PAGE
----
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[402d] “Then,” said I, “when there is a coincidence1 of a beautiful disposition in the soul and corresponding and harmonious beauties of the same type in the bodily form—is not this the fairest spectacle for one who is capable of its contemplation2?” “Far the fairest.” “And surely the fairest is the most lovable.” “Of course.” “The true musician, then, would love by preference persons of this sort; but if there were disharmony he would not love this.” “No,” he said, “not if there was a defect in the soul; but if it were in the body he would bear with it and still be willing to bestow his love.”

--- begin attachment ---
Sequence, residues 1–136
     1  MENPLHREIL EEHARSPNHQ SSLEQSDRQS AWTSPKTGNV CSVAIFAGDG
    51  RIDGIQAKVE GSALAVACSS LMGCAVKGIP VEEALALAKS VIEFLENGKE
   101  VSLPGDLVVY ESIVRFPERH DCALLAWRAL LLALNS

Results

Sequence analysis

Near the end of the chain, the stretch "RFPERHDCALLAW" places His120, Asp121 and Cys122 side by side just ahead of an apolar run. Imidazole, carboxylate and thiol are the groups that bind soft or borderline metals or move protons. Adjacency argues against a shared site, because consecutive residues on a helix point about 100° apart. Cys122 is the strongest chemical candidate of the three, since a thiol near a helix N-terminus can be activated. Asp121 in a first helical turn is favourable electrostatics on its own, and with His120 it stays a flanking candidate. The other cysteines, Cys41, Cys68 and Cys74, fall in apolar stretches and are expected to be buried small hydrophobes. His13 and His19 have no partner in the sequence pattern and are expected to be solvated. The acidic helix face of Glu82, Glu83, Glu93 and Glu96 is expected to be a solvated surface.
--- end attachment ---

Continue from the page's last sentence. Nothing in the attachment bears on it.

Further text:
1 Symposium 209 Bτὸ συναμφότερον, 210 C, Wilamowitz, vol. ii. p. 192.

2 Music and beauty lead to the philosophy of love, more fully set forth in the Phaedrus and Symposium, and here dismissed in a page. Plato's practical conclusion here may be summed up in the Virgilian line (Aeneid v. 344): “Gratior et pulchro veniens in corpore virtus.”

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